Charles TaylorOn October 4, 2016, the Berggruen Institute named philosopher Charles Taylor as the inaugural recipient of the Berggruen Prize—a one-million dollar annual award for a thinker “whose ideas are of broad significance for shaping human self-understanding and the advancement of humanity.” For his breadth of study across disciplines, commitment to both academia and public life, and the legacy of his research into human relationship and meaning, the nine-person committee selected Professor Taylor as the first winner of this prize. In the words of Craig Calhoun, current president of the Berggruen Institute and former president of the Social Science Research Council, “Taylor’s own life exemplifies the wisdom that philosophy celebrates, bringing intellectual humanity as well as remarkable knowledge to personal relationships, teaching, scholarship, and public engagement.”

In celebration of this honor for Charles Taylor, we at The Immanent Frame collected some of our favorite content from the past nine years written by or about the man whose concept, the “immanent frame” (Chapter 15 of A Secular Age), is our namesake.

Nine years ago, the first forum published on The Immanent Frame invited scholars to critically respond to Taylor’s 2007 work, A Secular Age. Beginning with an essay by Robert Bellah, who declared A Secular Age to be a “’must read’ for anyone concerned with religion and modernity,” the discussion continued for almost four years, with contributions from Wendy Brown, Talal Asad, Elizabeth Shakman Hurd, Patrick Lee Miller, and a few dozen more scholars. The discussion expanded to include reflections about Varieties of Secularism in a Secular Age, a volume that served as a guide to Taylor’s book.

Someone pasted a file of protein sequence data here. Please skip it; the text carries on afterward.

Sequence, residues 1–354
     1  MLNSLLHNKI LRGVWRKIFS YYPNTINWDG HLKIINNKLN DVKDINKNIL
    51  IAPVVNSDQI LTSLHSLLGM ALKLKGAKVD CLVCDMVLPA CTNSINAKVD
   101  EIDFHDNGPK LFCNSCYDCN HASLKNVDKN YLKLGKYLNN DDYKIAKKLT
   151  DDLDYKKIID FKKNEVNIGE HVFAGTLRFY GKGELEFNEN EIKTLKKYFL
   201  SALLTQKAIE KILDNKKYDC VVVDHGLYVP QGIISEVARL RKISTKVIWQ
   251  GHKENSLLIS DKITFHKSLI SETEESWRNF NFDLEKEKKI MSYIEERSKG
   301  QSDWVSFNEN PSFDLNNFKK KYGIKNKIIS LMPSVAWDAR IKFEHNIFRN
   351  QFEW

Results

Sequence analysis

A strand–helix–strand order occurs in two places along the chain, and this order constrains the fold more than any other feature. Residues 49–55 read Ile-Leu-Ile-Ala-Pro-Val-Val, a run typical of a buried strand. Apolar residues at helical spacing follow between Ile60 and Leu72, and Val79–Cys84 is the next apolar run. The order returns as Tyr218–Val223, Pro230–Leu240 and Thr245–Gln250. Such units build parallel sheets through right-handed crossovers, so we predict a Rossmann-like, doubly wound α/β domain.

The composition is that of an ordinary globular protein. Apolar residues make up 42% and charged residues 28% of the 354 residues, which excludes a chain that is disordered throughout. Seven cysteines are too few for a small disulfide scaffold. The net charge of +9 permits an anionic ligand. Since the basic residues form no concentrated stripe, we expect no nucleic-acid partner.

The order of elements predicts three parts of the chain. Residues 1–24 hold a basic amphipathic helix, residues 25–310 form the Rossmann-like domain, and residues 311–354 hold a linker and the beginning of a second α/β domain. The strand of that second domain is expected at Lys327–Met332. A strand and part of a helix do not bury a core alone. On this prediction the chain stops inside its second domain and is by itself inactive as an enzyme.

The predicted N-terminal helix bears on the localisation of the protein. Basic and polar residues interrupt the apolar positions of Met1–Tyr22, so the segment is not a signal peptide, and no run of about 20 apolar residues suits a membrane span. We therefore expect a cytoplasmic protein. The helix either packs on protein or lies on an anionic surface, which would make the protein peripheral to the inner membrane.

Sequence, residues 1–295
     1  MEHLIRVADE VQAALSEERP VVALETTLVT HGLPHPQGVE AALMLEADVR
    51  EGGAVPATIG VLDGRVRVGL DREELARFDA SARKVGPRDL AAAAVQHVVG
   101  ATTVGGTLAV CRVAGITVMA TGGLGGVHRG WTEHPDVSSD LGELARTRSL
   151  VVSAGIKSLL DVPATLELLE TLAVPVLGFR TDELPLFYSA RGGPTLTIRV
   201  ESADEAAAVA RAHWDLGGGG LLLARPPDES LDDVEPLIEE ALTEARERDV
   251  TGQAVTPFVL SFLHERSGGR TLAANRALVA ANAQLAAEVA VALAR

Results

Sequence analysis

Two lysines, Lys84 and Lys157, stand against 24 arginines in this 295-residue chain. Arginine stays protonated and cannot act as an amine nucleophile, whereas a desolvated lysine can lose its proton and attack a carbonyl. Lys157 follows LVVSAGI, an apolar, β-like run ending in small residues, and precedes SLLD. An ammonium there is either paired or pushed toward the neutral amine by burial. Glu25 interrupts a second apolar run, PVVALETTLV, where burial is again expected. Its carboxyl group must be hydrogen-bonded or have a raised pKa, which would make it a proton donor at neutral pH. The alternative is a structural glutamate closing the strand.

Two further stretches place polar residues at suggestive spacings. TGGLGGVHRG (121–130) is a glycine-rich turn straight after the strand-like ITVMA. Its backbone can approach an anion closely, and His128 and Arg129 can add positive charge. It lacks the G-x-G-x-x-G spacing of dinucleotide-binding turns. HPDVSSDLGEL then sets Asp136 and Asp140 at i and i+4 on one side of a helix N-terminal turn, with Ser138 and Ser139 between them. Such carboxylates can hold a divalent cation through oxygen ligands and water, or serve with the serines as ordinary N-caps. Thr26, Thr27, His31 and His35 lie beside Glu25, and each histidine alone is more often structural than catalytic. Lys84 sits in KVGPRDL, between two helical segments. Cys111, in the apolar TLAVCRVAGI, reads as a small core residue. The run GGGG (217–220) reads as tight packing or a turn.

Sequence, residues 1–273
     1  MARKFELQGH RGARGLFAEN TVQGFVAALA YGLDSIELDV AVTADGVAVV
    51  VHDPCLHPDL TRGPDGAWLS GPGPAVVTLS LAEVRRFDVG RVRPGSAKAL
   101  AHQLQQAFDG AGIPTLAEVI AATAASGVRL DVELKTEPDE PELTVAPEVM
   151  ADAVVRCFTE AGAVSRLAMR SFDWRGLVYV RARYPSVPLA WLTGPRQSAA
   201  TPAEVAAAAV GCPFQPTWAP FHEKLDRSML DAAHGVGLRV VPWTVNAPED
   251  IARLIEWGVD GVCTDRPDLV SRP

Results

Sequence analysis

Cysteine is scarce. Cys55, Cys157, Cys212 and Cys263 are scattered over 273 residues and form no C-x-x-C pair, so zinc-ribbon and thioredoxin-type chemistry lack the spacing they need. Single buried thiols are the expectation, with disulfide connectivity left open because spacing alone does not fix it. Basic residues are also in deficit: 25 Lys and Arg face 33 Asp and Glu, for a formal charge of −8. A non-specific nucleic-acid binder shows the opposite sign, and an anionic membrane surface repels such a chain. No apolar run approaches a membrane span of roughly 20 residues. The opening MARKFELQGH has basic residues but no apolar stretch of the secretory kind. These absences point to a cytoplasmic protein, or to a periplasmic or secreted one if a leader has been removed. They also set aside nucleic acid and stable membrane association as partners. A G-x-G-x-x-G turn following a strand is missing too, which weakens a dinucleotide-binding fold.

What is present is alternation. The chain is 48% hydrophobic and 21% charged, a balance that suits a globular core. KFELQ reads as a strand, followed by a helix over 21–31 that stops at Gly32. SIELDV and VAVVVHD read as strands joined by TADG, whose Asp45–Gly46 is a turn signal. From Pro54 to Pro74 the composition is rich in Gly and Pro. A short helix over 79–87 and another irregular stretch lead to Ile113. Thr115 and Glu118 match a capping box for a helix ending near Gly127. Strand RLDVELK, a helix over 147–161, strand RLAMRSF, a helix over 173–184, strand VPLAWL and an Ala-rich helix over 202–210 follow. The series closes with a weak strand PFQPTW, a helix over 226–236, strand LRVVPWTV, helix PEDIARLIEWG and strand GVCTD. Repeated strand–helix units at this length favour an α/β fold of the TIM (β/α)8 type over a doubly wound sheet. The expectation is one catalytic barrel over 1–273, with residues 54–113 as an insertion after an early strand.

Charles Taylor himself was given the opportunity to respond to some of the essays, as well as contribute new content to the discussion. His essay “Buffered and porous selves” remains one of the most-read pieces on the blog.

The volume Rethinking Secularism featured the chapter “Western secularity” by Charles Taylor—a portion of which can found here. And along with Cornel West, Judith Butler, and Jürgen Habermas, Charles Taylor contributed to the publication, The Power of Religion in the Public Sphere. For an excerpt from the afterword by Craig Calhoun, read “Religion’s many powers.”

We are grateful for Charles Taylor’s direct and indirect contributions to The Immanent Frame, the Social Science Research Council, and the spheres of political philosophy and religious study more expansively.

Another program of the SSRC, Anxieties of Democracy, has selected Charles Taylor as their 2016 Democracy Fellow. For events and opportunities related to the fellowship, please visit their website.